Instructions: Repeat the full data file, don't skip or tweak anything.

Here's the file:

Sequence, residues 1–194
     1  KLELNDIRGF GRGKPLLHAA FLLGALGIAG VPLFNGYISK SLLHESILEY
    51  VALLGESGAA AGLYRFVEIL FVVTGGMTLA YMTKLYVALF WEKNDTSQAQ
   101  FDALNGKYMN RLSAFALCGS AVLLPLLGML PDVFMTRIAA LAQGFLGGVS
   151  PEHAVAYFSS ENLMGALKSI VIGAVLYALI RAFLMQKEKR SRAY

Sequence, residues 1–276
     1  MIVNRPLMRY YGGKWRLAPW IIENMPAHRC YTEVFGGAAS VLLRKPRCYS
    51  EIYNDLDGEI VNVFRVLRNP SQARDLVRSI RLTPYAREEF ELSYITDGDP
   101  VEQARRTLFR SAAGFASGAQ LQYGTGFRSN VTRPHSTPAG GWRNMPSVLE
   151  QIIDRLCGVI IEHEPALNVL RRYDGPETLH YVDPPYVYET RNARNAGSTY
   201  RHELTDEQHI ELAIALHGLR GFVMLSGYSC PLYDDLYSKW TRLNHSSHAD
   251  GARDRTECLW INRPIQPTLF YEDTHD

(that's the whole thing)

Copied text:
Sequence, residues 1–194
     1  KLELNDIRGF GRGKPLLHAA FLLGALGIAG VPLFNGYISK SLLHESILEY
    51  VALLGESGAA AGLYRFVEIL FVVTGGMTLA YMTKLYVALF WEKNDTSQAQ
   101  FDALNGKYMN RLSAFALCGS AVLLPLLGML PDVFMTRIAA LAQGFLGGVS
   151  PEHAVAYFSS ENLMGALKSI VIGAVLYALI RAFLMQKEKR SRAY

Sequence, residues 1–276
     1  MIVNRPLMRY YGGKWRLAPW IIENMPAHRC YTEVFGGAAS VLLRKPRCYS
    51  EIYNDLDGEI VNVFRVLRNP SQARDLVRSI RLTPYAREEF ELSYITDGDP
   101  VEQARRTLFR SAAGFASGAQ LQYGTGFRSN VTRPHSTPAG GWRNMPSVLE
   151  QIIDRLCGVI IEHEPALNVL RRYDGPETLH YVDPPYVYET RNARNAGSTY
   201  RHELTDEQHI ELAIALHGLR GFVMLSGYSC PLYDDLYSKW TRLNHSSHAD
   251  GARDRTECLW INRPIQPTLF YEDTHD